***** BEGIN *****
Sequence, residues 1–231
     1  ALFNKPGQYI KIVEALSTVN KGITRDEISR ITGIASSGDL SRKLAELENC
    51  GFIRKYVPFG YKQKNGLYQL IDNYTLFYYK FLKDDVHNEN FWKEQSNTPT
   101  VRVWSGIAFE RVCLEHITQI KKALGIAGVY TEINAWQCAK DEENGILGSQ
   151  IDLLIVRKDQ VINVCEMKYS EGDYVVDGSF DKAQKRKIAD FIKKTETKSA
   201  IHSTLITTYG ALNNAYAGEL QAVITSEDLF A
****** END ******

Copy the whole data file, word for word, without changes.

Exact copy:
Sequence, residues 1–231
     1  ALFNKPGQYI KIVEALSTVN KGITRDEISR ITGIASSGDL SRKLAELENC
    51  GFIRKYVPFG YKQKNGLYQL IDNYTLFYYK FLKDDVHNEN FWKEQSNTPT
   101  VRVWSGIAFE RVCLEHITQI KKALGIAGVY TEINAWQCAK DEENGILGSQ
   151  IDLLIVRKDQ VINVCEMKYS EGDYVVDGSF DKAQKRKIAD FIKKTETKSA
   201  IHSTLITTYG ALNNAYAGEL QAVITSEDLF A